Purchase this article with an account.
Christopher J. Fox, Jason J. S. Barton; Asymmetric relationship in representations of facial identity and expression for novel faces within the human visual system. Journal of Vision 2007;7(9):997. doi: https://doi.org/10.1167/7.9.997.
Download citation file:
© ARVO (1962-2015); The Authors (2016-present)
Cognitive models of face processing suggest the existence of parallel streams that are specialized for identity versus expression perception; furthermore, neuroimaging data suggests that there may be distinct anatomic correlates for each of these processes. However, there is evidence that the neural representations of expression and identity are not completely independent. We have shown that aftereffects in the perception of expression are modulated by the identity of the adapting face, suggesting both identity-dependent and identity-independent representations of facial expression. In the present experiment, we asked whether aftereffects in the perception of identity showed a similar modulation by facial expression, which would suggest the existence of expression-dependent and expression-independent representations of facial identity.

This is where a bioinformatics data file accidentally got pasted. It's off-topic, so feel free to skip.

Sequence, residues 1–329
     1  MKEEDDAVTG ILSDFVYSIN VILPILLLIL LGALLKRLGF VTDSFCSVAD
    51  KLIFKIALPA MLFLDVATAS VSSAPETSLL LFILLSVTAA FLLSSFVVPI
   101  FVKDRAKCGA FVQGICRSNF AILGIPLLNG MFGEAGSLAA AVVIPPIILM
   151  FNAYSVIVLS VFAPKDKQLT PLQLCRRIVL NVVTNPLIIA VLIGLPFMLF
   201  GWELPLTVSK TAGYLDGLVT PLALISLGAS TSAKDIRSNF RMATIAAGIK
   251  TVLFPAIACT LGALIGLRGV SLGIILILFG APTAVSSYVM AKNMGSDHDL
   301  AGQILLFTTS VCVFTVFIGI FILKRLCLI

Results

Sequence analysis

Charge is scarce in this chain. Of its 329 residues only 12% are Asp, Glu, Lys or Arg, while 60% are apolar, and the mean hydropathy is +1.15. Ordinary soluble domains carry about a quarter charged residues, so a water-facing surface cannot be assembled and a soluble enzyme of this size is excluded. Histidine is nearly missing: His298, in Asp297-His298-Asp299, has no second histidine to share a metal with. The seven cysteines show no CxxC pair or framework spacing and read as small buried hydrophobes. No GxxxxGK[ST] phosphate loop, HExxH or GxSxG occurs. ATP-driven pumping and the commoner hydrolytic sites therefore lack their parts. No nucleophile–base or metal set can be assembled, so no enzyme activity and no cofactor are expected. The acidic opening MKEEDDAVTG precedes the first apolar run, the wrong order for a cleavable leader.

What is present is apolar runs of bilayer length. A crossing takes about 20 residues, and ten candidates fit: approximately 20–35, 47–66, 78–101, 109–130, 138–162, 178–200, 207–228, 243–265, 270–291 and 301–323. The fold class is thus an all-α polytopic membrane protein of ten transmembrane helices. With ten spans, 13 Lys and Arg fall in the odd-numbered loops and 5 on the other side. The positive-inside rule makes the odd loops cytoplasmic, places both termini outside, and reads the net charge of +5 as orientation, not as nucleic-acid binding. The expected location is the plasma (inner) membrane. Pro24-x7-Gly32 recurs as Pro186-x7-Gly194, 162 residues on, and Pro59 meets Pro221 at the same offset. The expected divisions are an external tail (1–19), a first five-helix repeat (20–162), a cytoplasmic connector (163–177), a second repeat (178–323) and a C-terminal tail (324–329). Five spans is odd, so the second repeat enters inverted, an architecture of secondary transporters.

We measured the magnitude of aftereffects from three different adapting stimuli on the perception of identity in ambiguous morphed faces. ‘Same-picture/expression-congruent’ adapting stimuli were the images used to create the morphs. ‘Different-picture/expression-congruent’ adapting stimuli were different pictures of the same individuals displaying the same expression as was present in the morphs. ‘Different-picture/expression-incongruent’ adapting stimuli were pictures of the same individuals displaying different expressions than those present in the morphs. Images were cropped to eliminate the possibility of adaptation to non-face features of the image (i.e.-hair color). Images were novel faces selected from the Karolinska Database of Emotional Faces.
We found that the aftereffects on identity perception did not differ significantly between the three different types of adapting stimuli. This suggests that the neural representations activated by novel identities are largely independent of expression, in contrast to the significant identity-dependent component seen in representations of expression that we previously reported. However, unlike learned categorical expressions, novel identities would not activate learned categorical representations of identity. Thus it seems important to determine whether this asymmetric relationship between identity and expression holds true for categorical representations of familiar identities.
This PDF is available to Subscribers Only